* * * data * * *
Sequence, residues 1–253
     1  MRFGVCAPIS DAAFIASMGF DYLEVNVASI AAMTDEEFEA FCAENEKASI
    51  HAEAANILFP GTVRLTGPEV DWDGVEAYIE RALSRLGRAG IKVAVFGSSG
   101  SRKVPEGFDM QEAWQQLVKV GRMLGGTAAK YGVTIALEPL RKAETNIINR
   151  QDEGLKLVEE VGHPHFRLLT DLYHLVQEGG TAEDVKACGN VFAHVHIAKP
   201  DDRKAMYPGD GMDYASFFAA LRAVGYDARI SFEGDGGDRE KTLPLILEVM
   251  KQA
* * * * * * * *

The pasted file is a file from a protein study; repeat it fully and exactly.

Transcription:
Sequence, residues 1–253
     1  MRFGVCAPIS DAAFIASMGF DYLEVNVASI AAMTDEEFEA FCAENEKASI
    51  HAEAANILFP GTVRLTGPEV DWDGVEAYIE RALSRLGRAG IKVAVFGSSG
   101  SRKVPEGFDM QEAWQQLVKV GRMLGGTAAK YGVTIALEPL RKAETNIINR
   151  QDEGLKLVEE VGHPHFRLLT DLYHLVQEGG TAEDVKACGN VFAHVHIAKP
   201  DDRKAMYPGD GMDYASFFAA LRAVGYDARI SFEGDGGDRE KTLPLILEVM
   251  KQA